Posted by: Forester | Sep 7, 2006 10:10:58 AM

Well that saves a stocking up trip planned for later this morning.

Posted by: The Englishman | Sep 7, 2006 10:39:42 AM

Marmite is a specifically British foodstuff

Made in S Africa, too. Slightly more "crunchy" though, oddly.

Posted by: yellerKat | Sep 7, 2006 11:20:00 AM

As is your beer, presumably?

Posted by: John Angliss | Sep 7, 2006 12:06:53 PM

"Slightly more "crunchy" though, oddly"

As a South African who has never eaten marmite purchased in Britain, "crunchy"
is a weird way of describing it, even if it is in quotes.

Posted by: stuart | Sep 7, 2006 12:17:10 PM

Well OK "granular" is probably the mot juste.

Mind you, it was an ancient jar at the dusty extremity of someone's cupboard, so it could've been age.

Posted by: yellerKat | Sep 7, 2006 12:46:55 PM

Slightly more "crunchy" though, oddly.

Perhaps they sell it there with the toast already attached?

Posted by: Tim Newman | Sep 7, 2006 1:21:58 PM

Well tfft.

I was worried I'd have to make my current 1lb jar last for ever.


Posted by: andrew duffin | Sep 7, 2006 3:23:52 PM

Phew, I was worried when I read the first post.

Marmite is not unknown beyond these shores, I found some in a supermarket in rural Indiana. They did have a display of british food though. Of course, Marmite took pride of place.

Posted by: Tristan | Sep 7, 2006 4:42:41 PM

I found some Vegimite in Asda yesterday. I was going to do a comparison once I had tried and realised that I liked Marmite. After tasting the Marmite though I realised I wasn't keen and so not best placed to offer an opinion.

Posted by: Andy | Sep 7, 2006 5:47:16 PM

Marmite is one of my favourite foods. I wouldn't recommend a switch to Vegemite.

One of the best and most surprising things about Marmite is that it doesn't taste of yeast, but is distinctly beefy.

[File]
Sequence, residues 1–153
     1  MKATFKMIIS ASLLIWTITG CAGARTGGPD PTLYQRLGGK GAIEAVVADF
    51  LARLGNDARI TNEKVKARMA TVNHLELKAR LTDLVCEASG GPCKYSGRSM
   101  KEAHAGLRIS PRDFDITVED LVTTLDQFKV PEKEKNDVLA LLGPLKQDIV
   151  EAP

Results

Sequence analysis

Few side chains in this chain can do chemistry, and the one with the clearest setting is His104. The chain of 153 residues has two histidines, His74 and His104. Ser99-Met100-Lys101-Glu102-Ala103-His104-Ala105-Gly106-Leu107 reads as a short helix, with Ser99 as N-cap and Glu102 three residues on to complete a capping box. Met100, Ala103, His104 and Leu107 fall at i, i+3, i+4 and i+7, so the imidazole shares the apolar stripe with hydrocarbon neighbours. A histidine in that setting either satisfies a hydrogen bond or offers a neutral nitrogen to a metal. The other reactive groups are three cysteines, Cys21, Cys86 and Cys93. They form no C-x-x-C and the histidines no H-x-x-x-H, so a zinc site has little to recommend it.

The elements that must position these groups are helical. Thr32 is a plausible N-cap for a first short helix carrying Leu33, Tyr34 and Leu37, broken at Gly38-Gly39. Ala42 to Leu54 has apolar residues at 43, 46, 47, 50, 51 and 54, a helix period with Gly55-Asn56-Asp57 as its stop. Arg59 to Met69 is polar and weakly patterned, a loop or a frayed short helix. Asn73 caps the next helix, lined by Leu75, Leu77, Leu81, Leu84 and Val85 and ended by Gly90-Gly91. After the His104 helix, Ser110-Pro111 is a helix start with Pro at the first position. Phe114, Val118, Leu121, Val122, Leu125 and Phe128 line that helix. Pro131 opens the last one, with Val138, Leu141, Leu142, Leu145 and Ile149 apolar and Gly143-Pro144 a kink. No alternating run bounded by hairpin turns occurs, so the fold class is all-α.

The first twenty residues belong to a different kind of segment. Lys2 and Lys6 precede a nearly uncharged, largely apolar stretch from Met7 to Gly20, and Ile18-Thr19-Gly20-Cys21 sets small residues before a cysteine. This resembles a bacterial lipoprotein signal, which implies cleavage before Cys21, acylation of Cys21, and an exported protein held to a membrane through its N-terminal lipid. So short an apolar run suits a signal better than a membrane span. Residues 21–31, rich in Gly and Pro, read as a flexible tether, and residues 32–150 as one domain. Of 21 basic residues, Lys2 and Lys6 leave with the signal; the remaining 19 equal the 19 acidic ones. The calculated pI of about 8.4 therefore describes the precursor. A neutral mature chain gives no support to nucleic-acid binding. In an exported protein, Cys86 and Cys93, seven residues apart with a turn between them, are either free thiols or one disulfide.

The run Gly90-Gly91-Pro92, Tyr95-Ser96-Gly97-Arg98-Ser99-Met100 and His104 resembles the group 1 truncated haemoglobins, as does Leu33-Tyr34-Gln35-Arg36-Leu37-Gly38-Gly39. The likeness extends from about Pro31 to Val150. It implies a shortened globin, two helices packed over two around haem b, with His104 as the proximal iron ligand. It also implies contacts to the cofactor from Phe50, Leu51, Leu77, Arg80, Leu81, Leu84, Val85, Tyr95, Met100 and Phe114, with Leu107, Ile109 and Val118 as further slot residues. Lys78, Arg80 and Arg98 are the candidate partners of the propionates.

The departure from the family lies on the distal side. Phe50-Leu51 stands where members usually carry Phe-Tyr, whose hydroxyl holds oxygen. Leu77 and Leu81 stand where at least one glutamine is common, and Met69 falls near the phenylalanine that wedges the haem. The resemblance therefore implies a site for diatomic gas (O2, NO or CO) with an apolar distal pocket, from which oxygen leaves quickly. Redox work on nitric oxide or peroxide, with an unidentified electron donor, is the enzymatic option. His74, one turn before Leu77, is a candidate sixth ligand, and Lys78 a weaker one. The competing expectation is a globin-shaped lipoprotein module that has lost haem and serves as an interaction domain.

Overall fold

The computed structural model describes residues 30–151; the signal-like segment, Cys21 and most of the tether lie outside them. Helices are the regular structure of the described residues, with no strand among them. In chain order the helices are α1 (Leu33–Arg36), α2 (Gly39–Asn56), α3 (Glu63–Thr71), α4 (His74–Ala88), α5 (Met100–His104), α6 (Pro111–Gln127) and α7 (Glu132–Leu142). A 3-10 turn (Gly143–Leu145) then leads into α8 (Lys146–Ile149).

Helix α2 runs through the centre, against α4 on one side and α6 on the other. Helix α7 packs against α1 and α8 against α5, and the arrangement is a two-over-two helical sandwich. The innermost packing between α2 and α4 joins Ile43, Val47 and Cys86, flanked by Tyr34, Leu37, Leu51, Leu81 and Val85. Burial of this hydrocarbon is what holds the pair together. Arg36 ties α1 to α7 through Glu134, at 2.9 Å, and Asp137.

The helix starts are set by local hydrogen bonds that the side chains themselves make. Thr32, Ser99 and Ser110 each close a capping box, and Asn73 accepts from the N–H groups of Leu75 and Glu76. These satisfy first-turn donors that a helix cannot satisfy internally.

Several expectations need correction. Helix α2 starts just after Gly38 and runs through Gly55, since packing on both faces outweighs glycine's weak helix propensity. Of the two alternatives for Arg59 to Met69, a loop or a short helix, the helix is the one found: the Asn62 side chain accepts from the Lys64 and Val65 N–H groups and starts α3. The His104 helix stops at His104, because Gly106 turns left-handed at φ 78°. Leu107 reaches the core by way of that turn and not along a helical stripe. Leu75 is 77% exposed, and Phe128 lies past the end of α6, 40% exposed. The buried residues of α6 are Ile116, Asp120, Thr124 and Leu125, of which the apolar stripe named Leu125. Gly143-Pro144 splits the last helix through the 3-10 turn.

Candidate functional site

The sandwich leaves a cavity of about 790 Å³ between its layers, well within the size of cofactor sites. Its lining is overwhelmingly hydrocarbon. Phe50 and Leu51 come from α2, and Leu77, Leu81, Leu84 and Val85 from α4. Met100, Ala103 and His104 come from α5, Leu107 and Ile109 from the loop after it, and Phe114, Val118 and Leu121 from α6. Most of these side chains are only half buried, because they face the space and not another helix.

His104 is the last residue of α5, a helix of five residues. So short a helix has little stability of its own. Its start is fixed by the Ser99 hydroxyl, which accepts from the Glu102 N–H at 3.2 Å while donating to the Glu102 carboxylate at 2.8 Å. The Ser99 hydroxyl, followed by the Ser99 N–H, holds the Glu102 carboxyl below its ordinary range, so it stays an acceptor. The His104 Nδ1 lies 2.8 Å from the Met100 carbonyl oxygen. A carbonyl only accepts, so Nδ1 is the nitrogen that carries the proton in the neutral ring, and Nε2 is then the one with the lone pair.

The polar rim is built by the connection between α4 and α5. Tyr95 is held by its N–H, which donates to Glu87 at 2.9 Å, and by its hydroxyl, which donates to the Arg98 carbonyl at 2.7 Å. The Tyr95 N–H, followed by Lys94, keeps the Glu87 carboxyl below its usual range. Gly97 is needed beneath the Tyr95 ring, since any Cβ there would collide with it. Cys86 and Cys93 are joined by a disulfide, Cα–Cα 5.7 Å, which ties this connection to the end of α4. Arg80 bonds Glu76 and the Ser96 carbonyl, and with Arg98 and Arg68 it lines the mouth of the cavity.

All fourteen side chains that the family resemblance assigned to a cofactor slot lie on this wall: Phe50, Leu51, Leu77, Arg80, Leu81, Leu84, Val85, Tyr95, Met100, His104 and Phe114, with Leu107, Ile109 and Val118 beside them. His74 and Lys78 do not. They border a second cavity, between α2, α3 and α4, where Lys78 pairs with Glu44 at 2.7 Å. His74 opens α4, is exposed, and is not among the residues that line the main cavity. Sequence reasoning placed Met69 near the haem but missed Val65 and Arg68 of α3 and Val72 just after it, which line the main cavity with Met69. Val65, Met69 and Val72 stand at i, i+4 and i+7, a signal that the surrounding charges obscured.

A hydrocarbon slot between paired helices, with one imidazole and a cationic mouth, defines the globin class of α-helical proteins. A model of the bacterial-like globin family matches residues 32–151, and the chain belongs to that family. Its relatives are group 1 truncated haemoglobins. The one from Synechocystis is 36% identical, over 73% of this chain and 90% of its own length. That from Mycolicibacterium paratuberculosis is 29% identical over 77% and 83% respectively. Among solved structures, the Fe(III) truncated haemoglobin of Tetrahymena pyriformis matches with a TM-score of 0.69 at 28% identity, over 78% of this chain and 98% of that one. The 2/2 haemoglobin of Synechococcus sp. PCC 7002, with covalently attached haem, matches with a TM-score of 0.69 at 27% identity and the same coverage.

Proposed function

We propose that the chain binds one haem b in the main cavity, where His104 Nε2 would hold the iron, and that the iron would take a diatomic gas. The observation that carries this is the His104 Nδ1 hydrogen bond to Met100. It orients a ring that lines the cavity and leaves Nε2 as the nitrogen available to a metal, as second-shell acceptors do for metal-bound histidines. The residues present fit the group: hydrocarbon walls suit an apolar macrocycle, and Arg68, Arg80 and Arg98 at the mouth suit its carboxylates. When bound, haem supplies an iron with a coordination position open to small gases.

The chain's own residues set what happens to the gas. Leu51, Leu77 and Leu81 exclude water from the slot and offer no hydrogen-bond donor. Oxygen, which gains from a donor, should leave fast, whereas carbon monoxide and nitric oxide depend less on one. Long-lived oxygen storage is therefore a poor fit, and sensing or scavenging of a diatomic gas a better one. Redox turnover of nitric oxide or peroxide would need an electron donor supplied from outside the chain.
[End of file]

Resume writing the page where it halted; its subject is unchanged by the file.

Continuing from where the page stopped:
Vegemite, for some reason, seems to feel the need to restore a yeasty flavour. Slightly pointless, and overdoing it, when taken with bread.

Posted by: Bob | Sep 7, 2006 9:08:15 PM

Might I add that the antipodaeans have a variety called Vegemite, less salted and possibly able to be described as Marmite Lite. It was once a staple accompaniment at table.

Posted by: james higham | Sep 8, 2006 7:47:16 AM

Marmite? But a pale immitation of the real thing -



Posted by: Chris harper | Sep 9, 2006 3:11:54 AM

Oddly the South African variety is kosher, while the UK stuff isn't. If you go into any shop in Golders Green and look at the jar, you will see it is made in SA.

Posted by: Stephen | Sep 12, 2006 9:53:32 PM

Why marmite made in UK isn't kosher is a mystery to me. It may be that some of the ingredients sourced by UK factory contain some non-kosher element.

Posted by: Ben Rafuel | Aug 11, 2008 10:29:02 PM

Just don't make Marmite halal and stamp it accordingly, or I will add it to my list of boycotted foodstuffs which includes the much touted halal stamped Vegemite.

I will never eat Vegemite again now that these PC muzzie arselickers at Kraft have soiled the jars with the islamonazi stamp.

I urge my fellow anti-creeping-jihadists to join me in this boycott of what used to be an Australian icon.

Posted by: Martin | May 10, 2010 3:27:00 PM